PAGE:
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Lawsuits Threatening Agent Commissions:
Moehrl v. NAR

By June 2, 2022December 26th, 2023No Comments

By Jordan Grice | RISMedia

The past couple of weeks have been filled with headlines of courtroom battles aimed at the National Association of REALTORS® (NAR) and several prominent real estate companies across the U.S.

From alleged anti-competitive practices to buyers and sellers taking issue with longstanding commission structure policies, one could argue that the industry faces an existential crisis that could yield potentially disastrous consequences.

It may be challenging to keep track of the most impactful lawsuits, so to save time, here are a few of the top court cases carrying significant implications.

Moehrl v. The National Association of REALTORS

Arguably one of the most prominent lawsuits against NAR, the Moehrl case has helped kickstart a list of lawsuits targeting NAR’s Buyer Broker Commission Rule — also known as the Participation Rule.

The lawsuit claims that NAR conspired with four major franchisors to inflate commissions through its MLS policy. Experts and industry pundits have speculated that this lawsuit could harm the real estate commission structure as the legal battle continues to brew.

As the case persists, a recent court order filed on May 11 opened the door for plaintiffs in this case to use briefs and exhibits submitted in the Sitzer/Burnett v. National Association of REALTORS® case, which was recently made into a class action lawsuit.

What we know

  • The case was filed in March 2019 by Christopher Moehrl on behalf of himself and home sellers who paid a broker commission since March 6, 2015 and listed on one of 20 MLSs.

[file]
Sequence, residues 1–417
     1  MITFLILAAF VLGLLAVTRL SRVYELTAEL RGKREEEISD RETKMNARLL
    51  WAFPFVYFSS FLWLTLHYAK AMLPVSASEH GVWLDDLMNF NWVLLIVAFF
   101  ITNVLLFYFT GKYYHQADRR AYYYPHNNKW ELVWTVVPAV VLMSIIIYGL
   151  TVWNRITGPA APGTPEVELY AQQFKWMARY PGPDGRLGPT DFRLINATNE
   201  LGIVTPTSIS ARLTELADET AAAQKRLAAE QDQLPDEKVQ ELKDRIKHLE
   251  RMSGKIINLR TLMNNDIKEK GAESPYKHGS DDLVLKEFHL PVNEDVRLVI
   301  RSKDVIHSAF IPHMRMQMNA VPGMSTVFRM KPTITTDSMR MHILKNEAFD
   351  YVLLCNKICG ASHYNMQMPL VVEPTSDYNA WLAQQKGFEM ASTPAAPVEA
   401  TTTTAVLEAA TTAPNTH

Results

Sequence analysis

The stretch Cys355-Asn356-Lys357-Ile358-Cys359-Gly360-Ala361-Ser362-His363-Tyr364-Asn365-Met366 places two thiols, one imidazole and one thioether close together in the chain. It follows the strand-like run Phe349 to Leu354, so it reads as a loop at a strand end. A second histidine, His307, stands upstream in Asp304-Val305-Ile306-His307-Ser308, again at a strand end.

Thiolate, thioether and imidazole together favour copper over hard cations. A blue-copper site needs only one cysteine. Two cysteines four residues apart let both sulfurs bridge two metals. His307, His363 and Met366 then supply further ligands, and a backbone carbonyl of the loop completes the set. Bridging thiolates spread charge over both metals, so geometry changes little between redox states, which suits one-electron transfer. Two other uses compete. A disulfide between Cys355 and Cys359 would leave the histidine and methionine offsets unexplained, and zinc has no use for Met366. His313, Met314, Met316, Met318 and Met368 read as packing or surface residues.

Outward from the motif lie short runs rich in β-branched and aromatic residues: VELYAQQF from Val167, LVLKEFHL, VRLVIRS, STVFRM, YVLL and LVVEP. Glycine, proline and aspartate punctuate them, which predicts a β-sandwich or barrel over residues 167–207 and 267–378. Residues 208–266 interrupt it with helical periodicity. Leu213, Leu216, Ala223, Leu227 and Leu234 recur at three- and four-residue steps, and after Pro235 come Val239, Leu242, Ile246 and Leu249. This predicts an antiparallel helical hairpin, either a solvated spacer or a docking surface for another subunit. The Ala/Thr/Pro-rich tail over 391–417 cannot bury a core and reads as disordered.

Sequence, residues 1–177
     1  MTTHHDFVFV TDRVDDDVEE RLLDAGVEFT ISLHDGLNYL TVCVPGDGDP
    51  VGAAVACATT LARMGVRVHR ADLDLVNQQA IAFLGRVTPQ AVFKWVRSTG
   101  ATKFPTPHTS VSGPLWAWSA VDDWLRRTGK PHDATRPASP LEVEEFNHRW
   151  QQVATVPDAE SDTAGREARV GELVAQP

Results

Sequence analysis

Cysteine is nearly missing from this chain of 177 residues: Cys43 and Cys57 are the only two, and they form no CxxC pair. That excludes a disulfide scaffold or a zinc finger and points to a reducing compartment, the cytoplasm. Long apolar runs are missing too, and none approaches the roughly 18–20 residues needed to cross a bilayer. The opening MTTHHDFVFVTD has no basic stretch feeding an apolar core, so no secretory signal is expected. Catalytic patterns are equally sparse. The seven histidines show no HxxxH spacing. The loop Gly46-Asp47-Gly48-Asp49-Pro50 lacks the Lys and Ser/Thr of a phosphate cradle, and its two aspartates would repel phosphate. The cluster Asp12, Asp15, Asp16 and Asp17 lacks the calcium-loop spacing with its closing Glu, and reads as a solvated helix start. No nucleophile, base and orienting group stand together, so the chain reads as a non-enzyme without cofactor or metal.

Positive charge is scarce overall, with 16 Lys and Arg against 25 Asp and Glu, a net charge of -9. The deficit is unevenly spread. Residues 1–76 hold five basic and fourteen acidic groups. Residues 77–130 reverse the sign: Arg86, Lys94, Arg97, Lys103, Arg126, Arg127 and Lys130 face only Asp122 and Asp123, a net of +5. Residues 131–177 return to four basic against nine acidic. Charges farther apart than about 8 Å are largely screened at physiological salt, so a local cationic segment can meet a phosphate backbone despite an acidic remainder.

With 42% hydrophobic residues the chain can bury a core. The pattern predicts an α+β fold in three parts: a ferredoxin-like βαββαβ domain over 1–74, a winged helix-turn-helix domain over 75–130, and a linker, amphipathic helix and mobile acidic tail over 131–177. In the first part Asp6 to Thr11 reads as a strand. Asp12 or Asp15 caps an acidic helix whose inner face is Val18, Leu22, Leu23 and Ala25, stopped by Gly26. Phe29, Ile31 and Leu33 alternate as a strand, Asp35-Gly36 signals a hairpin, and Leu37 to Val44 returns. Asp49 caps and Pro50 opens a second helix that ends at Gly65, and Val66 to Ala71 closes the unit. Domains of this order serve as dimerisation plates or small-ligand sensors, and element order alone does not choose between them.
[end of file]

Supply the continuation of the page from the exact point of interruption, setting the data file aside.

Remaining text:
• The lawsuit also names Realogy, HomeServices of America, Keller Williams and RE/MAX as defendants.
  • The lawsuit challenges the Buyer Broker Commission Rule—also known as the Participation Rule, alleging it’s anti-competitive.
  • The rule requires all brokers to make a blanket, non-negotiable offer of buyer broker compensation when listing a property on a Multiple Listing Service (MLS).
  • The case is currently in the “discovery and briefing” phase, as both sides gather testimony and evidence to support their claims.
  • Plaintiffs are currently seeking a class certification—class action lawsuit designation.
  • MLSs named in the case are:
    • The Bright MLS (including the metropolitan areas of Baltimore, Maryland; Philadelphia, Pennsylvania; Richmond, Virginia; Washington, D.C.)
    • My Florida Regional MLS (including the metropolitan areas of Tampa, Orlando and Sarasota)
    • Five MLSs in the Midwest covering Cleveland, Ohio; Columbus, Ohio; Detroit, Michigan; Milwaukee, Wisconsin; Minneapolis, Minnesota
    • Six MLSs in the Southwest covering Austin, Texas; Dallas, Texas; Houston, Texas; Las Vegas, Nevada; Phoenix, Arizona; San Antonio, Texas
    • Three MLSs in the Mountain West that cover Colorado Springs, Colorado; Denver, Colorado; Salt Lake City, Utah
    • Four MLSs in the Southeast that cover Fort Myers, Florida; Miami, Florida; Charlotte, North Carolina; and Raleigh, North Carolina
  • Aside from damages, the plaintiffs seek “a permanent injunction” stopping NAR from requiring “sellers to pay the buyer broker and from continuing to restrict competition among buyer brokers.”

What’s at stake?

“Listing brokers making offers of compensation to buyer brokers gives first-time, minority and low/middle-income homebuyers a better shot at affording a home and professional representation,” said NAR President Leslie Rouda Smith.

“If buyers were forced to pay their brokers directly out of pocket, they would have to come up with significant amounts of additional cash at closing, which would inevitably make first-time homeownership more difficult. Paying out of pocket would also increase the racial and economic disparities in homeownership that currently exist due to systemic differences in family income and wealth.”

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